By five we were again in motion in midstream.

‘Had we but saved the coffee-can, madame!’ (The colonel was taking a morning constitutional.)

We had traveled quietly enough about an hour down the broad river, shimmering under the early sunshine, when again sudden cries and shouts to the captain to stop cut the stillness, as the crowd surged toward the stern of the battered boat. ‘Man overboard!’

Yet the captain did not hear, and we were leaving the unfortunate there struggling in the midstream current. A prisoner, escaped from his guard, he was, who had taken his one chance for freedom, and now found his hope to gain the barren shore vain.

At last the captain understood, and managed to turn the boat sharply about and hurry upstream. We watched the dark head rise and sink again and again below the water. Then we stopped to lower our one remaining frail lifeboat; tired sailors manned it, and searched for over half an hour, to return with only a cap.

The captain looked a ghost as he stood aloof from us all, waiting for them. As we furtively watched him, not one of us had the heart to hold against him our night’s experience. Like so many others in those sad, wartortured lands, he was underfed and overworked, too wrecked in body to be wise.

A little later in the morning, the colonel stopped in his promenade beside me. ‘You may have been too disturbed to realize it, madame, but you have been favored, on this voyage, with a vivid illustration of the method of progress our eager new Ships of State seem to have adopted. Their captains of helpless millions are no less mortal or ignorant or selfish than these two on whose mercy we have hung. Their state ships have set out as swiftly and as unprepared for the journey as this one that has all but given way under us. Their captains have n’t had time to learn that they can’t have the river to themselves. And their millions are for the most part as unconscious of what is carrying them and whither as our weary patient herd below. You were right when you said you had not the heart to charge the captain with our pleasant evening. He clearly has n’t been able to pull himself together after the demoralizing years. He may get hold of his business only after a few crashes in the dark. And, personally, I can’t blame the traveler for being bewildered and unrealizing. During five years the whole universe has seemed to topple about him; the miracle is that captain or people attempt the river at all. I shall smile till the end, madame; but the universe has fallen about me, too. One must have been through it with them to measure what even dumbly reëmbarking means.’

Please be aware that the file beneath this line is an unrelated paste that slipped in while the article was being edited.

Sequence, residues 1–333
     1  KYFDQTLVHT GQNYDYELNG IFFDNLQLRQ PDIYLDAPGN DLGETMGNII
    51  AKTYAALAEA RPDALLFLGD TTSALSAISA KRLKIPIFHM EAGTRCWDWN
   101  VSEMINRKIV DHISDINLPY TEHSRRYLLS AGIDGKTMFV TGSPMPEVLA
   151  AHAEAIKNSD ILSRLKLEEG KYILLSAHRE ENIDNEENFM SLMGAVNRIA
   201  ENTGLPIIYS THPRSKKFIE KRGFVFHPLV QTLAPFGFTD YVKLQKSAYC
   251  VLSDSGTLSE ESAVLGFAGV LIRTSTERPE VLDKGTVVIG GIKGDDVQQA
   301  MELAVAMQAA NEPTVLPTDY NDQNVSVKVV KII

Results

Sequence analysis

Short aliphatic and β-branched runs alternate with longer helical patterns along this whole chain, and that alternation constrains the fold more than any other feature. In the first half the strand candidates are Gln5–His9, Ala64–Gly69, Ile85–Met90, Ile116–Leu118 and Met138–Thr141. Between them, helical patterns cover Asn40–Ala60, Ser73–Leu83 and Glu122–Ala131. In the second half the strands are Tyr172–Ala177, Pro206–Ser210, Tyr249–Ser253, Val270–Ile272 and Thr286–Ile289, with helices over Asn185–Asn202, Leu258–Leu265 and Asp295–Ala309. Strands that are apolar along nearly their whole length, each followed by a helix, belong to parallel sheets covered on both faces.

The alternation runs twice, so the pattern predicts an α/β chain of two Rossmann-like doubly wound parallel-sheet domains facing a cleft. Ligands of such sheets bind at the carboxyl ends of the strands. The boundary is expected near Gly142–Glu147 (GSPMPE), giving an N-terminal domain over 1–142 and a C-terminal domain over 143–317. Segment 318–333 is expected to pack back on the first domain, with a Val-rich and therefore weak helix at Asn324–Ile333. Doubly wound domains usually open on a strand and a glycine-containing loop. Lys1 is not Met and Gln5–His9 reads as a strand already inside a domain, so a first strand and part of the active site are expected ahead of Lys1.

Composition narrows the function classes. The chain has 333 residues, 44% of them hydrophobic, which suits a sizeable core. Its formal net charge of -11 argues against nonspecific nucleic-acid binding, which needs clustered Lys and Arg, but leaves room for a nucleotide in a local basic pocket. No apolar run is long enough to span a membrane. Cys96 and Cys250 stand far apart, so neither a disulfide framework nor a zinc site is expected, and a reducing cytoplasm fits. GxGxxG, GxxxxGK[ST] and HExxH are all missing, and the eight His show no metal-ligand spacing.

He continued his marching.

I recalled what a San Franciscan responsible for the feeding of the people of parts of Macedonia and Southern Serbia had recently said to me. For about six months he had been handling the only relief food-supplies in that region. ‘In the beginning I talked like most newcomers,’ he said: ‘I was impatient with the poor service I got in my offices, with the endless delays, the ineffective work. “I could put an average American on that job and get it finished in three hours; here I’m lucky if it is done in three days,” I often complained. And now I can’t tell you how it gets on my nerves to hear an echo of my own criticism. Now I know what they are getting to eat and what they are not getting. I can’t yet make out how any one of them has come through the five years of hunger and snow and dread. Just one thing is perfectly clear to me, and that is that I could n’t pull off one solid hour’s work a day on their stomachs. I’ve come almost to considering any page of bookkeeping they hand me as a sort of oldfashioned Methodist prayer-meeting testimony of spiritual victory.’

The bleak cliffs had given place again to flowery fields, the whole river vista was growing increasingly lovely, enlivened now occasionally by picturesque shore villages. When we steamed up alongside one of them, I saw the colonel hurry ashore, to return with an exquisite cluster of wild-grown lilies of the valley which he had bought of a little girl. As he offered them to me, smiling and bowing low, I caught the swift look that passed between the other men of our group — they were making silent count of his possible remaining pennies. Then I was aware of a certain mistiness in their eyes as in my own.

Toward sunset we caught our first glimpse of Belgrade — Beo-grad, the White City, wide-flung along the low bases of hills, and brightly gleaming down upon us.

‘There is more of the river if you like, madame,’ the Serb laughed; ‘spectacular beauty beyond, and the famous Iron Gates. But the White City invites and welcomes you.’